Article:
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    Queer Rights Firestorm Ignited in Japan

    By John Lewis and Stuart Gaffney–

    His words were searing. “I would hate it if [an LGBTQ couple] lived next to me. I would hate to even see [them].” So remarked Masayoshi Arai, Executive Secretary and close aide to Japanese Prime Minister Fumio Kishida, to reporters on February 3. And that was not all. He further opined that if Japan were to have marriage equality, “some people will abandon the country.”

    Kishida fired Arai the next day, claiming that his ruling conservative Jimintō party (also known as the LDP) sought to create “a sustainable and inclusive society in which diversity is recognized.” But Arai’s words ignited a firestorm here in Japan. They tore something open. The underlying queerphobia at the top of Jimintō that for years has blocked passage of LGBTIQ rights in the country was laid bare for all to see.

    The prime minister’s remarks after firing Arai also seemed to ring hollow to many. Just two days before Arai made his comments, Kishida himself prevaricated when an opposition member of the Diet (Japanese Parliament) confronted him about the government’s inaction on marriage equality. The prime minister replied that it was a topic to be considered “very carefully,” claiming that permitting loving, committed LGBTQ couples to marry would “change people’s perception of family, values, and society.” It was typical verbiage that Kishida and prior Jimintō leaders have repeated for years now, even as public opinion polling indicates that substantial majorities of the Japanese population support marriage equality.

    And it comes on the heels of Kishida last year delivering a slap in the face to the Japanese queer community when, in a cabinet reshuffle in the wake of the Unification Church scandal, Kishida elevated two Jimintō members who were notorious for scurrilous anti-gay remarks that they had made. One was Mio Sugita, who was appointed Parliamentary Vice-Minister for Internal Affairs and Communications. In 2018, she accused LGBTIQ people of not being “productive,” based on her ignorant belief that queer people could not have children. Sugita had also taken numerous anti-LGBTIQ positions and made very public remarks against ethnic minorities in Japan as well as women. Sugita herself was forced to resign late last year because she refused to retract or apologize for a number of her remarks.

    The other was Kazuo Yana, who was appointed State Minister of Education, Culture, Sports, Science & Technology. In 2021, Yana declared that LGBTIQ people are against “preservation of the species in terms of biology.” Yana remains in office.

    In an attempt to quell the firestorm over Arai’s remarks, Jimintō agreed reluctantly to reopen discussions for submission of a stalled bill that would merely “promote understanding” of LGBTIQ people among the public, but contained no substantive anti-discrimination provisions. At a February 14th rally and press conference, LGBTIQ activists and opposition Diet members fired back: “We don’t need understanding. We need an anti-discrimination law.” One activist pointed out incisively that Aria’s comments revealed that it was the Jimintō leadership, not the general public, that needed to learn understanding.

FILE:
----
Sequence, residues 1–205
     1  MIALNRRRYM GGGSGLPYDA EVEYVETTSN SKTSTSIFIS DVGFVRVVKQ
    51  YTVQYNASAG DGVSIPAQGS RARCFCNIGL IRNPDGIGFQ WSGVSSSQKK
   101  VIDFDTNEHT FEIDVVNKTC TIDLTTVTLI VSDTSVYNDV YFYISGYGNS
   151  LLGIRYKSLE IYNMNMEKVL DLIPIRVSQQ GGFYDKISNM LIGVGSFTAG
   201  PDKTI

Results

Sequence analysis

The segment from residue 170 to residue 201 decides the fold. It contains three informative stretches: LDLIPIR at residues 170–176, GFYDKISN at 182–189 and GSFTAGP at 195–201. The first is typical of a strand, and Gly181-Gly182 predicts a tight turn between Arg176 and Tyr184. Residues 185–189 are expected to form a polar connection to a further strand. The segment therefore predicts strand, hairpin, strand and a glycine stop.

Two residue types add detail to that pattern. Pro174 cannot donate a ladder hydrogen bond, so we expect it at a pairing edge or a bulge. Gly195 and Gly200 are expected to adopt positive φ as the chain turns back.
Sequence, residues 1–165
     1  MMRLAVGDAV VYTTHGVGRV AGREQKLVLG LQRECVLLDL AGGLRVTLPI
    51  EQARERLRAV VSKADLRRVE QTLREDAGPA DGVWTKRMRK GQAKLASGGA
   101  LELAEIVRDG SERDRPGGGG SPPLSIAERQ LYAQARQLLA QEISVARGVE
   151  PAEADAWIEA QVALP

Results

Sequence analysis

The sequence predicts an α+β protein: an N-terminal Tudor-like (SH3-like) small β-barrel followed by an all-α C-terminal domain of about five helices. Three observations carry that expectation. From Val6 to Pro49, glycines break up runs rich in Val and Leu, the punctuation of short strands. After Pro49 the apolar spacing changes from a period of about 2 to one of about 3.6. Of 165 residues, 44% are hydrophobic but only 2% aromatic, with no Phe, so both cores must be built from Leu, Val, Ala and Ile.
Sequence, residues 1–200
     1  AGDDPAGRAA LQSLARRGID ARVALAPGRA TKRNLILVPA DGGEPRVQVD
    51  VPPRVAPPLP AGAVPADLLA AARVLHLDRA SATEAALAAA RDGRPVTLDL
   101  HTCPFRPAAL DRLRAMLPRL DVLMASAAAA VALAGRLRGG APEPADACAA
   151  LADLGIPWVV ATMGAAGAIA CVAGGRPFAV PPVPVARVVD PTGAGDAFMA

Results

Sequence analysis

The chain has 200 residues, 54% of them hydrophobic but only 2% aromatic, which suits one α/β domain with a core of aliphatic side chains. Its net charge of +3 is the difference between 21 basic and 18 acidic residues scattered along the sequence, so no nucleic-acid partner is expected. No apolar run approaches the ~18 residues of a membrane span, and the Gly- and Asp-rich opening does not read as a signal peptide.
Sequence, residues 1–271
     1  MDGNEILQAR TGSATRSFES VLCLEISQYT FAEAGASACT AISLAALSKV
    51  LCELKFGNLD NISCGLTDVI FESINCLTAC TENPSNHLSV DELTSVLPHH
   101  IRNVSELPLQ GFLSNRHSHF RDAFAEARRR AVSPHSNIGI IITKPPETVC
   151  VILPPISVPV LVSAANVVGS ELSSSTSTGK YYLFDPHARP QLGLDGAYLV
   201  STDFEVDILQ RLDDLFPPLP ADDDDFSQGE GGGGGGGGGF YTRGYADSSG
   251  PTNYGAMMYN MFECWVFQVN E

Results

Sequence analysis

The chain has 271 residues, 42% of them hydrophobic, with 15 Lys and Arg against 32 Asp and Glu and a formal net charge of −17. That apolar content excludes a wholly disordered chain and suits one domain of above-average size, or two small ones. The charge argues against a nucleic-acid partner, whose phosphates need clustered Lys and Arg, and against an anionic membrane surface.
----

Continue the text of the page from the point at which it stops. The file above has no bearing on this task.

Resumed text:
Indeed, many diverse LGBTIQ and allied advocates spoke passionately at the event. Addressing another Jimintō claim that passing LGBTIQ rights legislation could polarize society, a Diet member explained that anti-discrimination laws did not divide society, but that discrimination itself does. A queer activist, whose entire face was masked to disguise her personal identity out of fear of discrimination, explained that Jimintō’s inaction had normalized the notion that LGBTIQ people would have no legal rights in Japan.

    An LGBTIQ professor elucidated that for far too long the majority population and their needs and attitudes had been the subject of the legislative process, relegating queer people and other minorities to the position of mere objects. It was now time for LGBTIQ people and other minorities themselves to be the subject of legislation that would value and protect their lives. Another activist pleaded “how much harder” do we have to work to try to get legal rights—what more do we need to do?—“isn’t it the government’s responsibility to protect our rights as citizens?”

    A Japanese LGBTIQ advocate of Korean descent linked hate speech against Japanese of Korean ancestry to Arai’s remarks, which the activist characterized as hate-speech against LGBTIQ people from the top of the Japanese government. Others spoke about the impact of the remarks on the emotional health of LGBTIQ youth, many of whom experience depression and suicidal ideation, and in the words of one speaker were “suffocating” and in need of clean air to breathe.

    One of the last speakers, a queer sex-worker activist, brought it back to Arai’s words themselves in a very personal way. Speaking to Aria rhetorically, they said: “Would you feel disgust if you saw me? … I wouldn’t look with disgust at you.”

    The Associated Press reported that the day after the press conference, U.S. Ambassador to Japan Rahm Emanuel weighed in, expressing “’full confidence’” that the Japanese government will take the necessary steps to ban discrimination against LGBTQ people.” 

    The pressure is on. The eyes of the world will turn to Japan when the nation hosts the annual G7 Summit in Hiroshima in May. There’s no time to waste for equality.

    John Lewis and Stuart Gaffney, together for over three decades, were plaintiffs in the California case for equal marriage rights decided by the California Supreme Court in 2008. Their leadership in the grassroots organization Marriage Equality USA contributed in 2015 to making same-sex marriage legal nationwide.

    6/26 and Beyond
    Published on February 23, 2023